To say that for destruction ice
Is also great
And would suffice.

“Invisible Fish” by Joy Harjo

Tulsa, Oklahoma, U.S. Joy Harjo (born May 9, 1951) is a poet, musician, playwright, and author. She is the incumbent United States Poet Laureate, the first Native American to hold that honor. … She is an important figure in the second wave of the literary Native American Renaissance of the late 20th century.

Invisible fish swim this ghost ocean now described by waves of sand, by water-worn rock. Soon the fish will learn to walk. Then humans will come ashore and paint dreams on the dying stone. Then later, much later, the ocean floor will be punctuated by Chevy trucks, carrying the dreamers’ decendants, who are going to the store.

“In a Station of a Metro” by Ezra Pound

Ezra Pound, in full Ezra Loomis Pound, (born October 30, 1885, Hailey, Idaho, U.S.—died November 1, 1972, Venice, Italy), American poet and critic, a supremely discerning and energetic entrepreneur of the arts who did more than any other single figure to advance a “modern” movement in English and American literature.

The apparition of these faces in the crowd:

Petals on a wet, black bough.

“My Sad Self” by Allen Ginsberg 

Allen Ginsberg, the visionary poet and founding father of the Beat generation inspired the American counterculture of the second half of the 20th century with groundbreaking poems such as “Howl” and “Kaddish.” Among the avant-garde he was considered a spiritual and sexually liberated ambassador for tolerance and enlightenment. With an energetic and loving personality, Ginsberg used poetry for both personal expression and in his fight for a more interesting and open society.

To Frank O’Hara

Sometimes when my eyes are red

I go up on top of the RCA Building

       and gaze at my world, Manhattan—

                     my buildings, streets I’ve done feats in,

                           lofts, beds, coldwater flats

—on Fifth Ave below which I also bear in mind,

       its ant cars, little yellow taxis, men

               walking the size of specks of wool—

   Panorama of the bridges, sunrise over Brooklyn machine,

       sun go down over New Jersey where I was born

          & Paterson where I played with ants—

   my later loves on 15th Street,

       my greater loves of Lower East Side,

          my once fabulous amours in the Bronx   


   paths crossing in these hidden streets,

      my history summed up, my absences   

          and ecstasies in Harlem—

      —sun shining down on all I own

    in one eyeblink to the horizon

               in my last eternity—

                                  matter is water.


      I take the elevator and go

          down, pondering,

and walk on the pavements staring into all man’s

                                        plateglass, faces,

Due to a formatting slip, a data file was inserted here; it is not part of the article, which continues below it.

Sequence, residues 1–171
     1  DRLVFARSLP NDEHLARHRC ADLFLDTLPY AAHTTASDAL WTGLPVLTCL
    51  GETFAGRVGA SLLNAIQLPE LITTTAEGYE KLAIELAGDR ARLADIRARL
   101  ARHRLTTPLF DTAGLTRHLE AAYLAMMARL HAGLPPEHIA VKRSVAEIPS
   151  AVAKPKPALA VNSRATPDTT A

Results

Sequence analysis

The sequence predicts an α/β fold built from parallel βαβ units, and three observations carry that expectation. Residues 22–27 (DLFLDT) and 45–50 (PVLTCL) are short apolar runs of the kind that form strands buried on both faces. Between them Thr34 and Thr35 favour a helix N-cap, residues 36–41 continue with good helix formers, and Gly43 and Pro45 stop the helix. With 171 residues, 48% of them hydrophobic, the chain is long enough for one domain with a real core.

questioning after who loves,

      and stop, bemused

          in front of an automobile shopwindow

      standing lost in calm thought,

          traffic moving up & down 5th Avenue blocks behind me   

                   waiting for a moment when …

Time to go home & cook supper & listen to

                   the romantic war news on the radio   

                                  … all movement stops

& I walk in the timeless sadness of existence,   

      tenderness flowing thru the buildings,

          my fingertips touching reality’s face,

      my own face streaked with tears in the mirror   

          of some window—at dusk—

                                  where I have no desire—

      for bonbons—or to own the dresses or Japanese   

                   lampshades of intellection—

Confused by the spectacle around me,

       Man struggling up the street

                     with packages, newspapers,

                                        ties, beautiful suits   

                     toward his desire

       Man, woman, streaming over the pavements   

                     red lights clocking hurried watches &   

                         movements at the curb—

And all these streets leading

       so crosswise, honking, lengthily,

                         by avenues

       stalked by high buildings or crusted into slums

                         thru such halting traffic

                                        screaming cars and engines   

so painfully to this

       countryside, this graveyard

                     this stillness

                                        on deathbed or mountain   

       once seen

                         never regained or desired

                                        in the mind to come

where all Manhattan that I’ve seen must disappear.

New York, October 1958